In South Africa's changing higher education system, innovation and adaptability are important, and small learning programmes called micro-credentials have become a powerful way to help students navigate the world of work. These micro-credentials are bite-sized learning opportunities that empower students to rapidly enhance their skills and knowledge in areas like problem-solving, project management and data analysis, which are crucial assets in the workplace.
One way to showcase the attainment of these micro-credentials is using digital badges. The badges serve as a tangible representation of the skills and knowledge acquired through micro-credentials. They can be posted on professional networking platforms like LinkedIn to show potential employers the specific competencies gained. Across the African continent, there has been a significant shift towards digital credential offerings in the higher education landscape. STADIO Higher Education is trailblazing a distinctive approach through their STADIO Stripes system representing more than mere digital badges.
Meeting the Demands of Employers
The rise of micro-credentials came into question when the corporate world began to question if there was a better way to fulfil student and labour market needs, while also bridging the skills gap between higher education and employment. These credentials allow for precise skills verification that provides a reliable way for employers to confirm a candidate's qualifications and competencies. They also emphasise continuous learning and adaptability, demonstrating a candidate's commitment to staying current in their field. The standardisation of these credentials ensures universal recognition and simplifies the hiring process, making digital badges a valuable tool for employers in assessing and selecting the most qualified candidates.
According to the World Economic Forum's Future of Jobs Report, 50% of all employees will need reskilling by 2025. While the bigger workplace demand may be for technical skills, there is also a great need for soft skills, as these are the essential people skills that those looking for a job should possess to excel at work. These encompass:
- Using Design Thinking to Map a Career Journey
- Conceptualise Presentations with Focus and Impact
- Manage Own Time for Increased Productivity
- Create an Effective LinkedIn Profile
- Formulate and Present Persuasive Arguments as part of a Team
A digital badging success story
Simukelo Phiwe Biyela, 24, is a second-year Bachelor of Education student at STADIO and one of the first students to complete four STADIO Stripes to exemplify the transformative power of this programme. His Stripes include Using Design Mapping to Map Career Journey, Conceptualise Presentations with Focus and Impact, Create an Effective LinkedIn Profile and Manage Own Time for Increased Productivity. Biyela had embarked on his digital credential journey with a strong desire for personal growth and was unaware of the profound impact it would have on his academic journey.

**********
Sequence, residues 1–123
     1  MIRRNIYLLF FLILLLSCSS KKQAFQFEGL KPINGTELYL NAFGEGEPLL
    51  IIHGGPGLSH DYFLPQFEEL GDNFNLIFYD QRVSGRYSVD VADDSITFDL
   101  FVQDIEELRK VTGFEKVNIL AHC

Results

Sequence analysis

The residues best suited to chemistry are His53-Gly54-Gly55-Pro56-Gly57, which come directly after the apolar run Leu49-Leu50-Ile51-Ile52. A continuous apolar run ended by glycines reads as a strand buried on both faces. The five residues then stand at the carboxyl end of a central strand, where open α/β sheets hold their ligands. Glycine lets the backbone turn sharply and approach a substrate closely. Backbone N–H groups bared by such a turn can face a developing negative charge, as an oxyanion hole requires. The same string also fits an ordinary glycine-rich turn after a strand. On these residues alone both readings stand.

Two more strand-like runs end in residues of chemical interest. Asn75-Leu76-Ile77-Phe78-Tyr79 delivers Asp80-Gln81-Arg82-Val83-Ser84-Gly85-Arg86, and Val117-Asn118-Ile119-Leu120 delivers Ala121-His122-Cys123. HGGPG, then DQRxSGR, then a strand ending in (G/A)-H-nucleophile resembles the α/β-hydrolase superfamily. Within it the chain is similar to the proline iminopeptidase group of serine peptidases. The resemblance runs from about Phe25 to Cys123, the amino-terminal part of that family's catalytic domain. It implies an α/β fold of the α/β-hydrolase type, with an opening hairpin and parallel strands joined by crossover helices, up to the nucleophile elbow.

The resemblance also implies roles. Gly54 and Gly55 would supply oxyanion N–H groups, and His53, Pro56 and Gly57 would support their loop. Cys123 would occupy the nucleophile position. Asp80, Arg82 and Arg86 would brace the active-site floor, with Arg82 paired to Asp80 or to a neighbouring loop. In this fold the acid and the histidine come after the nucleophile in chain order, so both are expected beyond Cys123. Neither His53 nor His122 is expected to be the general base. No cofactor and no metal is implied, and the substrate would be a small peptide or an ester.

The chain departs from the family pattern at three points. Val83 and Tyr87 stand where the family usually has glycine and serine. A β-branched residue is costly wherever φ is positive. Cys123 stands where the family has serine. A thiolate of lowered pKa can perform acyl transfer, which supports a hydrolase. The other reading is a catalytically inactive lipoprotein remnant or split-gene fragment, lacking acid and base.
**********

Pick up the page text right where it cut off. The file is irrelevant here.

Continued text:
“I like to think I am a proud and dedicated lifelong learner and I strongly feel that micro-credentials really added value to my professional journey. Completing my Stripes allowed me to stretch my capabilities and I can now showcase my new skills to prospective employers. Every Stripe I earn is stored digitally in one place, using a credentialling system, and I can display the catchy Stripes or badges on networking sites like my LinkedIn profile,” he says.
Micro-credentials are not merely a set of digital badges; they represent a paradigm shift in education. Rooted in micro-learning principles, it offers flexibility tailored to learners' needs, delivering manageable ‘chunks’ of content that are easily remembered and applied. These micro-credentials seamlessly integrate into the curriculum, becoming an indispensable part of courses, earned through rigorous and authentic assessments.
"Employers have been telling us that they are no longer content with traditional qualification transcripts alone. Instead, they are seeking graduates with additional skills and attributes that allow them to positively contribute to the world of work when they step into employment. We strongly believe that digital credentials and its formal acknowledgement of non-accredited learning achievements is the solution,” explains Dr. Jolanda Morkel, Head of Instructional Design at STADIO.
STADIO Stripes spans three essential dimensions that promote skills enhancement for the individual Self, skills relevant to the World of Work, and skills valuable to Society. At the end of the programme, all students should be able to demonstrate the relevant skills, for example, improved technological skills, as well as improving their soft skills like the ability to work well in a group, and negotiate. Dr Morkel emphasises the role of micro-credentials in helping students align themselves with the world of work. “Micro-credential programmes allow for higher education institutions to ensure their academic integrity and simultaneously upskill the next generation of South Africans to well-rounded, capable, and employable 21st-century citizens. I encourage all students to explore micro-credential programmes, particularly if you're keen to improve your employability and job prospects,” she concludes.
For more information on STADIO Stripes, visit: https://stadio.ac.za/